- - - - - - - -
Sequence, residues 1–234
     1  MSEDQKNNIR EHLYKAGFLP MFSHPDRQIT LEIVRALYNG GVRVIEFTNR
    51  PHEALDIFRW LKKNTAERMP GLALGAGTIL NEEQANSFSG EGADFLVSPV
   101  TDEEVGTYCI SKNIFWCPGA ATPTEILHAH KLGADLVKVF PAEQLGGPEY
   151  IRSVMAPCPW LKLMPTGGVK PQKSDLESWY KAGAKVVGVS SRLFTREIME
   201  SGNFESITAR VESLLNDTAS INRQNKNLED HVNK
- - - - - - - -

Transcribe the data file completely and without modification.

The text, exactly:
Sequence, residues 1–234
     1  MSEDQKNNIR EHLYKAGFLP MFSHPDRQIT LEIVRALYNG GVRVIEFTNR
    51  PHEALDIFRW LKKNTAERMP GLALGAGTIL NEEQANSFSG EGADFLVSPV
   101  TDEEVGTYCI SKNIFWCPGA ATPTEILHAH KLGADLVKVF PAEQLGGPEY
   151  IRSVMAPCPW LKLMPTGGVK PQKSDLESWY KAGAKVVGVS SRLFTREIME
   201  SGNFESITAR VESLLNDTAS INRQNKNLED HVNK